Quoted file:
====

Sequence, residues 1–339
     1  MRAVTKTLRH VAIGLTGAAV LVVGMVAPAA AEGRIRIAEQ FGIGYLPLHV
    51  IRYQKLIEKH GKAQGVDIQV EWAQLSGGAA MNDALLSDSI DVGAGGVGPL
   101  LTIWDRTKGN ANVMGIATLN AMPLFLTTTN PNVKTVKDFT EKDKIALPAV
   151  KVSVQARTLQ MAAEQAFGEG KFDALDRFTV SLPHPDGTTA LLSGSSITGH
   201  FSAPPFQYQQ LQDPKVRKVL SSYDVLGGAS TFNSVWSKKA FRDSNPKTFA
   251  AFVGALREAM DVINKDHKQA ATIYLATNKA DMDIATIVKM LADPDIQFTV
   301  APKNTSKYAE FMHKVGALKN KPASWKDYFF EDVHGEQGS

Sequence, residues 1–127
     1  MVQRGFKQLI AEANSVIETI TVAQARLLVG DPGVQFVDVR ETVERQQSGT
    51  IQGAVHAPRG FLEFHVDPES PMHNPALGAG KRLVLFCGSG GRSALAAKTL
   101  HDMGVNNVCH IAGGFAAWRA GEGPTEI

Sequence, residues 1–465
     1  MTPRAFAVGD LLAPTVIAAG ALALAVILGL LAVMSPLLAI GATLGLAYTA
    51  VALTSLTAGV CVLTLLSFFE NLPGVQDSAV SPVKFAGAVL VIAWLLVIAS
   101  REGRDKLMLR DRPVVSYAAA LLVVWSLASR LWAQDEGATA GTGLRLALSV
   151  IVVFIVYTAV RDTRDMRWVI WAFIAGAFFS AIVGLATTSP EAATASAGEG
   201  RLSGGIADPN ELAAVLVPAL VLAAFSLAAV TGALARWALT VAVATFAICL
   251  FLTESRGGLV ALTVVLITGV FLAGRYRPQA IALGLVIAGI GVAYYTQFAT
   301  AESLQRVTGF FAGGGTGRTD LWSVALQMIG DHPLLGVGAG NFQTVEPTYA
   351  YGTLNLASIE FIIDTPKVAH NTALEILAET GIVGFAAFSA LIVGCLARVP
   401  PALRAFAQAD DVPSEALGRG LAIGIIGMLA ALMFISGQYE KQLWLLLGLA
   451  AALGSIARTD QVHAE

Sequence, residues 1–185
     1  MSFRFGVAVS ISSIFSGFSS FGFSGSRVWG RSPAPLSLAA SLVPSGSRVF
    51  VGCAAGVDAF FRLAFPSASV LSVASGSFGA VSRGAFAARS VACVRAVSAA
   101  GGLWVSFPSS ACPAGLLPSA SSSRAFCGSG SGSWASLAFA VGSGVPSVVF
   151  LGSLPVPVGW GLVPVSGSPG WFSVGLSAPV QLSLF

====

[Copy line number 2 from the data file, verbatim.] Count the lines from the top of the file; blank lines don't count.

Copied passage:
     1  MRAVTKTLRH VAIGLTGAAV LVVGMVAPAA AEGRIRIAEQ FGIGYLPLHV